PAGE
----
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The Martian, Movie Review

The Martian is a science fiction feature film directed by the renowned and legendary Ridley Scott who has brought us many cult science fiction classics such as the Alien series and movies such as Blade Runner. The film is based on Andy Weir’s 2011 novel The Martian. It is in a nutshell, a story of survival, of defying all odds and not giving up in the face of hopelessness and when it all seems lost.

The movie’s basic premise/plot gyrates around an astronaut named Mark Watney (Matt Damon) who gets left behind on the planet of Mars during an exploratory expedition by his crew members because he is presumed dead/lost when they get caught up in a middle of a severe sandstorm on the planet of Mars. How he survives the alien planet and endures the physical and mental strain that comes with being basically the only person stranded on a hostile habitat such as Mars is what the entire movie is about.

As far as the acting in the lead role is concerned, Matt Damon yet again proves and reasserts his acting caliber as he is truly for a lack of a better word, “remarkable” in his role as an astronaut being marooned on Mars and he fully delivers all the attached emotional gravity that comes with such an exhaustive role. Devoid of cheap sci-fi thrills just for the sake of it coupled with a usual Alien plot-line is nowhere to be seen thankfully because this has been done so many times before. As was the novel this particular movie is based upon, the movie feels a lot more grounded and humanized despite being setup in such a grandiose and huge narrative.

Additionally, this movie will be compared time and again to recent science fiction movies such as Interstellar (A movie in which Matt Damon more or less plays a same role as in this one) and Gravity. But as those movies were more existential, The Martian is consciously utilitarian and a lot more enjoyable and entertaining, there is a lot less philosophic rhetoric on call here. You need to see Interstellar at least twice to understand the premise of the movie, it was too complicated for some but thankfully Martian is a pure joy to watch without being cluttered with nuances that will make you over think regarding the movie itself.

Speaking of the visual setting, the desolate yet horrifying red landscape of Mars is shown in full glory. Ridley has ensured that the visuals shown are scientifically accurate and he has collaborated with NASA to ensure that scientific accuracy is maintained. Moreover, just recently there has been news of NASA discovering water lakes on mars that predates million of years ago, this adds to the authenticity of the movies churning out of Hollywood these days, now the movies are no longer restricted to alien plots or themes which seem too farfetched to be fathomable that this will ever see the light of day. The Martian is a much more realistic and authentic take on what it would be like if NASA actually sends astronauts to explore the red planet in a real world scenario. Martian entertains the notion of exploring planets in order to make alien planets habitable for human use. The mere prospect of inhabiting planets other than Earth is an idea that may seem implausible or improbable to many but advances in science and technology can make it possible, this is also exhibited in this movie, it helps to opening up our minds to the idea of living in an alien planet.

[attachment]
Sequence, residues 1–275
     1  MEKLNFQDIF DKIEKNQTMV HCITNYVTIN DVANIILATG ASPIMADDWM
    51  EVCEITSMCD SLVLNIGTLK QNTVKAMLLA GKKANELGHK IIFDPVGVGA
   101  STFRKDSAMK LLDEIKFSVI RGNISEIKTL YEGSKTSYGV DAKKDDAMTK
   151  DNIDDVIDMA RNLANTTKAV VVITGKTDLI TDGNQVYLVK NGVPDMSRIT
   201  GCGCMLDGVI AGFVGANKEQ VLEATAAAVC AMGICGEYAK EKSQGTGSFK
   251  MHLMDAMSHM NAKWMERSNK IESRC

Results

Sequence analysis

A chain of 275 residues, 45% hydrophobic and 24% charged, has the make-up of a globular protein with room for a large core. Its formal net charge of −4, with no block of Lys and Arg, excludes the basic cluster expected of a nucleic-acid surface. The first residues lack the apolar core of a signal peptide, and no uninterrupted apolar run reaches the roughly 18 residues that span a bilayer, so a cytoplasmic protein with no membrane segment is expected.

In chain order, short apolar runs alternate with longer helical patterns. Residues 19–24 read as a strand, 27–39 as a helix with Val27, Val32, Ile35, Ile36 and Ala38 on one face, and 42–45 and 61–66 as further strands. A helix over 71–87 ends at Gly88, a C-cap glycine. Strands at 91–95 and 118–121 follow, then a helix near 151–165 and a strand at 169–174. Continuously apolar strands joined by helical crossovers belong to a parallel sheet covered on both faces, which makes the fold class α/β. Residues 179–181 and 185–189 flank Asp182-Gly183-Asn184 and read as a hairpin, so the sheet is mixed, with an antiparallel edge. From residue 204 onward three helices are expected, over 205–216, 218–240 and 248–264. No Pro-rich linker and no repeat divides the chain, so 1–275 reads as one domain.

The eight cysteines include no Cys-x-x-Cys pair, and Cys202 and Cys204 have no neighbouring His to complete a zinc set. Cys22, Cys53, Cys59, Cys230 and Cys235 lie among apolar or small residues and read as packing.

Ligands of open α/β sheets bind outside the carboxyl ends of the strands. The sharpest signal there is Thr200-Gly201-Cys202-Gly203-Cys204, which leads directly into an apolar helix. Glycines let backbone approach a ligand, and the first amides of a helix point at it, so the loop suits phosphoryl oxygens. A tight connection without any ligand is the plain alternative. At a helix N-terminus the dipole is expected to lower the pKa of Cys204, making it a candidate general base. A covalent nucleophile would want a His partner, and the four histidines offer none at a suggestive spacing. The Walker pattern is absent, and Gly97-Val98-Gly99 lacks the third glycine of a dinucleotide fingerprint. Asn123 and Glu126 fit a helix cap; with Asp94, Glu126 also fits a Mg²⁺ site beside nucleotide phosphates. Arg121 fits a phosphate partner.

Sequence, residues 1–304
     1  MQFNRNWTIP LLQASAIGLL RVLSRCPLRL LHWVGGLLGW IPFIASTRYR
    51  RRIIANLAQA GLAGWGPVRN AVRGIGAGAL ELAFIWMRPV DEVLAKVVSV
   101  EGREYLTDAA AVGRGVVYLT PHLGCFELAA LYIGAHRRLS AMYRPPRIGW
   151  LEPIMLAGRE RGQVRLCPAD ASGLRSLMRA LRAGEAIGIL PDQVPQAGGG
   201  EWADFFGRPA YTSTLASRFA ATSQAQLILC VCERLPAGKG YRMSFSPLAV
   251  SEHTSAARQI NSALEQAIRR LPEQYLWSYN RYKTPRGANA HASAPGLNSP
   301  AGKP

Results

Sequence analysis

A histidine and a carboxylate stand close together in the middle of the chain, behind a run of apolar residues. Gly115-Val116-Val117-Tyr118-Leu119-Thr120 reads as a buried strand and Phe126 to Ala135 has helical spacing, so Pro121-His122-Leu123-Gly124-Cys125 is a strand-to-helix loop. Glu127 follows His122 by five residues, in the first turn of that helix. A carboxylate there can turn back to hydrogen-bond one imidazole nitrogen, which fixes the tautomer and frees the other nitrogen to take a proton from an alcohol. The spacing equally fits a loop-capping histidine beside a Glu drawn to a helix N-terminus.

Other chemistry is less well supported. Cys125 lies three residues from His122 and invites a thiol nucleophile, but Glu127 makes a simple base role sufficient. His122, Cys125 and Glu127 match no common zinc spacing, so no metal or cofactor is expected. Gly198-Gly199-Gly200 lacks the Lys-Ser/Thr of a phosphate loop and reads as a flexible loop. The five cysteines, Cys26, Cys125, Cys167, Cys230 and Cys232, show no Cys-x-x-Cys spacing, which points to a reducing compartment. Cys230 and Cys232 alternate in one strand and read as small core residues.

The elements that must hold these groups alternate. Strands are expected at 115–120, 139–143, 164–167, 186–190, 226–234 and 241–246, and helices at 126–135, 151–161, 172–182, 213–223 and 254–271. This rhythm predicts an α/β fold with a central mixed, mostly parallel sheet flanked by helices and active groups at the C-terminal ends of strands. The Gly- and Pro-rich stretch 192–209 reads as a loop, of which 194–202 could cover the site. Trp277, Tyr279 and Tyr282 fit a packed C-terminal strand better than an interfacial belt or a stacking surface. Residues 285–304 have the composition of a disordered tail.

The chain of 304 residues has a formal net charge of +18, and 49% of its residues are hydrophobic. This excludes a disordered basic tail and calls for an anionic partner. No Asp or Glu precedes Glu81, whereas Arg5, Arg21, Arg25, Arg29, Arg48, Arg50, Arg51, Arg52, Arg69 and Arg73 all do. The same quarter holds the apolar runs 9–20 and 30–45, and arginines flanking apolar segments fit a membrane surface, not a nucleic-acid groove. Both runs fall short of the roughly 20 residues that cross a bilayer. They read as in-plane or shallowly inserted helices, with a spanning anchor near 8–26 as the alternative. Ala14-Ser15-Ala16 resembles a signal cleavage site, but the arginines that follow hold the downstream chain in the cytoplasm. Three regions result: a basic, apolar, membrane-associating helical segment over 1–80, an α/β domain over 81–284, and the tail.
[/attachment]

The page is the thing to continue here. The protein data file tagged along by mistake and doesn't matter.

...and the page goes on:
A certain quarter where this movie falls a tad bit short is lack of other interesting characters in the movie apart from Damon. Most perceptible and obvious is the lack of screen time allotted to characters that are connected and entwined in the story narrative.  Good actors casted in this movie seems like a waste, actors like Kristen Wiig, Danny Glover, Jeff Daniels and Jessica Chastain are all fillers rather than being substantial characters in the movie that could have made this movie a lot more interesting, thoughtful and added a lot more dramatic realism but that is not the case here and the other cast members come off as a little superficial and just act as a means to carry the story forward towards its logical conclusion.

The Martian is homage to human tenacity and perseverance. This movie is deeply moving, we are rooting for the lead protagonist to successfully go back to Earth yet it is equally horrifying to imagine a human being stranded millions of miles away from his homeland. A thought that will give us all Goosebumps, the mere thought of this occurring as the audience will see this movie is a testament of how good this movie is.

The fundamental and quintessential essence of this movie is that The Martian subtly and craftily defines how a science fiction genre based movie ought to be made.  Consider this Homer’s Iliad equivalent space odyssey novel made even better in celluloid format by its director Ridley Scott. As human beings it is in built-in in each of us the need to not only survive but thrive in the face of insurmountable odds, the movie truly reflects a struggle of a man against the most extreme of circumstances. As the renowned fictional character from the Star Trek universe, Spock used to say “Live long and Prosper”, one can’t help but think of that Vulcan salute as the movie concludes. Must watch movie in my opinion, I’d give it a rating of 9/10

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